Brewster had elicited some criticism from the Dominican religious right when he met with a number of LGBT-advocates in February as well.

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Friday, March 07, 2014

Three years after nude photo scandal Roberto Arango comes out


It has been almost three years since Cuban-born Roberto Arango resigned from the Puerto Rican Senate in the wake of a scandal over a number of nude photos from a Grindr profile were leaked to the press.  Initially Arango denied he was the man in the photos and then he acknowledged some of the photos were his but alleged he had taken them to document his weight-loss under a new diet but he never admitted whether the photos came from a personal profile on the popular gay men's hook up app or whether he was gay.

The news became tabloid fodder in the United States and Arango is still listed on several lists of the top sexual scandals to hit any politician but behind the scandal also laid the past of a man who had previously voted to deny rights to the LGBT community in Puerto Rico and sided with some of the most conservative factions in the island.

In 2004 he mocked a San Juan mayoral candidate during a political rally by implying he was gay and holding a plastic duck and making quacking noises when speaking against him ("pato" or duck in Spanish is a word often used as a slur against gays in Puerto Rico).

In 2007 he embraced a conservative religious coalition and personally received thousands of signatures they had collected against same-sex civil unions as he vowed to defend so-called Christian values in the Puerto Rican senate and prevent changes to the civil code.  That year he also led efforts to amend the Puerto Rican constitution to ban recognition of any unions that were not those between a man and a woman (the effort ultimately failed).

And in 2009 he defended secret efforts by conservative colleagues in the Senate to pass a bill banning adoption rights for same-sex couples as I documented in a previous post.

After resigning from the Senate Arango retired in the United States where he said he wanted to dedicate more time to raising a daughter from a previous marriage and concentrate on his personal life.

And then last May he reappeared publicly to urge the conservative party in which he had served as a Senator to back a number of measures to protect members of the LGBT community from discrimination (the measures would pass).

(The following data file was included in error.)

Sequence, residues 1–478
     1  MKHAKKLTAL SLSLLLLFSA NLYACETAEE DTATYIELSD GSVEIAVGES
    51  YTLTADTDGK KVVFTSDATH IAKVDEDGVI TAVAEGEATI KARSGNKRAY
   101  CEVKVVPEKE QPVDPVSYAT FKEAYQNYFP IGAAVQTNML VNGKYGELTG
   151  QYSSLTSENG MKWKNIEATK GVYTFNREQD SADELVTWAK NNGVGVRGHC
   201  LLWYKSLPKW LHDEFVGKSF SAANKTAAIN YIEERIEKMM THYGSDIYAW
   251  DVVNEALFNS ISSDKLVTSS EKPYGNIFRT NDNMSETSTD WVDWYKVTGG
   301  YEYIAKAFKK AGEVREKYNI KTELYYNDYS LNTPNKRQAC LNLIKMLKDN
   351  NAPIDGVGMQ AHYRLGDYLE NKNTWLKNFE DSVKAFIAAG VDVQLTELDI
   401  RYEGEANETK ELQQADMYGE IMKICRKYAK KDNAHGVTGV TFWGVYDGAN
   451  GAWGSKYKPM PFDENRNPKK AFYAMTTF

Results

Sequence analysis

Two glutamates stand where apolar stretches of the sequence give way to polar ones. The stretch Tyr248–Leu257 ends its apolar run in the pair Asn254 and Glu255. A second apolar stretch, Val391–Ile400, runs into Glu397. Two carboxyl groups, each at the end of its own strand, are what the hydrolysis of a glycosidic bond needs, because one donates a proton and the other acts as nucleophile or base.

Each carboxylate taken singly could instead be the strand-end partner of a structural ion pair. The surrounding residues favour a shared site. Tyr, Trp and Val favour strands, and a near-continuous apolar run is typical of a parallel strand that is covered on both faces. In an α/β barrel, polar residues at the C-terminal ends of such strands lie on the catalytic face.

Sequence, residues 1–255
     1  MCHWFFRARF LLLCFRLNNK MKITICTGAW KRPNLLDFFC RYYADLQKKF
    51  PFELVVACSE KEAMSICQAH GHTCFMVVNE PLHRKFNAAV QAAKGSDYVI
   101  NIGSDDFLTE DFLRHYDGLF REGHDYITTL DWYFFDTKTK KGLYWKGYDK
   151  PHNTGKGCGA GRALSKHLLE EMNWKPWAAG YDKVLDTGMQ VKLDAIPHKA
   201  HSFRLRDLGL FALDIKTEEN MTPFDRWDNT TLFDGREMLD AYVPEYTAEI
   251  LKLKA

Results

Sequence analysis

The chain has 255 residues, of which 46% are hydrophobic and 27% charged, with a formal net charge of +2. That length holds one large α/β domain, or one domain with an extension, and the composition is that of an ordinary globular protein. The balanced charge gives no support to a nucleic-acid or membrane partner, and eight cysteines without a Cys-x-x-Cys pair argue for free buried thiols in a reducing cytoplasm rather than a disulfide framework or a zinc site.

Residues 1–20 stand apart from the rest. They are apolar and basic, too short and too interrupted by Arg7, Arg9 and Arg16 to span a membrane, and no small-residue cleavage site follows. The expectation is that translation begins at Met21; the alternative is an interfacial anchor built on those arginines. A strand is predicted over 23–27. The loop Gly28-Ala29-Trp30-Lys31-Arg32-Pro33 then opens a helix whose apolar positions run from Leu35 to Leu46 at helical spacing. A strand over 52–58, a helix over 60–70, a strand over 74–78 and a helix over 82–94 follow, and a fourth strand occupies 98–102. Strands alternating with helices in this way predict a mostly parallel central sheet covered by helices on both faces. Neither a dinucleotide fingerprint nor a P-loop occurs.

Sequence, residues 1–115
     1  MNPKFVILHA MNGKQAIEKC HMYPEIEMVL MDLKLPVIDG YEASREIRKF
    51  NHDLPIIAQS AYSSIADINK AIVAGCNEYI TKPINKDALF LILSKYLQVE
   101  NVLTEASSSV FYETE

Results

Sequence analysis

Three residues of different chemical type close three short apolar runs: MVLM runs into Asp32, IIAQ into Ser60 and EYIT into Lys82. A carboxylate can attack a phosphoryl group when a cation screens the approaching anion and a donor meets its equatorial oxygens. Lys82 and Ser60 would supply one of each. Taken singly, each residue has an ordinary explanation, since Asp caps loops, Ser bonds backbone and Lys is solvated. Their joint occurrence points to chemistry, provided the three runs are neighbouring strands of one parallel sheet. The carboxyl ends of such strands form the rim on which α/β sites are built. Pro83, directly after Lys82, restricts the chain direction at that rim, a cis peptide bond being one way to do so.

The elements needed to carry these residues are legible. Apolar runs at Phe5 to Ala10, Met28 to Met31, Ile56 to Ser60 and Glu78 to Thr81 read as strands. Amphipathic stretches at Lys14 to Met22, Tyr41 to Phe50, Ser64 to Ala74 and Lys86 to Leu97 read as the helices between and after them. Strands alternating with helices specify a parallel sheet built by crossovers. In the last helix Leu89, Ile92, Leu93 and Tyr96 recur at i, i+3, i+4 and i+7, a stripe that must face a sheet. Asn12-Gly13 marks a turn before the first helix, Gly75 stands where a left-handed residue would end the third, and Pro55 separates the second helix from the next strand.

It was a welcome sign that Arango might have come around on his past efforts against the LGBT community.

There were rumors that Arango might be paving his way to return to Puerto Rican politics but the scandal and the unanswered questions about his sexuality remained.

Today, three years after the scandal, Arango finally came out in a radio interview with Noti UNO an excerpt of which was posted on YouTube...


Here is the exchange:

REPORTER: Following the controversy over the photos there was a lot of speculation about your sexual preference. Isn't it time for you to state whether or not you are a homosexual?
ROBERTO ARANGO: Well, the day someone asks me I will give a reply. In that respect, I have nothing to hide.
REPORTER: Are you a homosexual?
ROBERTO ARANGO: Yes. And on top of that I am a businessman. On top of that I am a father, I am a brother, I am a son. On top of that I like doing community work and volunteering. On top of that I like helping different communities. I like it and I am someone who likes to bring changes and progress and to give opportunities to those who want it.
REPORTER: When did you realize you were one.
ROBERTO ARANGO: I think it happened when I accepted it and I may not be a psychologist or a specialist in that field...
REPORTER: And did you accept it before your exit from the Senate?
ROBERTO ARANGO: No. It was after. My exit from the Senate and the process itself was what led me to accept myself.

Audio of the entire half hour interview in Spanish is available here.

UPDATE #1: Metro reports that Arango is preparing to launch a campaign to become the mayor of San Juan.

UPDATE #2: Full 45 minute interview, in Spanish, as later posted by NOTI UNO:


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Monday, March 03, 2014

Transgressive or regressive? Jennifer Lopez and Ricky Martin hook up in latest Wisin music video


When two of the biggest Latino music stars in the world play lovers in a music video does the world pay notice? Particularly if one of the stars is known for a series of high-profile heterosexual relationships (Jennifer Lopez) and the other is known as the biggest Latino personality to have ever come out as being gay (Ricky Martin)?

That's the case in a video released today as the lead single from Puerto Rican singer Wisin's first solo album and titled "Adrenalina":


Wisin was able to pull this high-wattage stunt because he was part of one of the most successful reggaeton acts in the music industry over the last decade - Wisin & Yandel - and happened to be among the Latino music acts that supported Ricky Martin when he came out.

Ricky himself featured the duo in a cut from his first album after coming out called "Frio"...


That particular song also speaks of unrequited love from a man to a woman.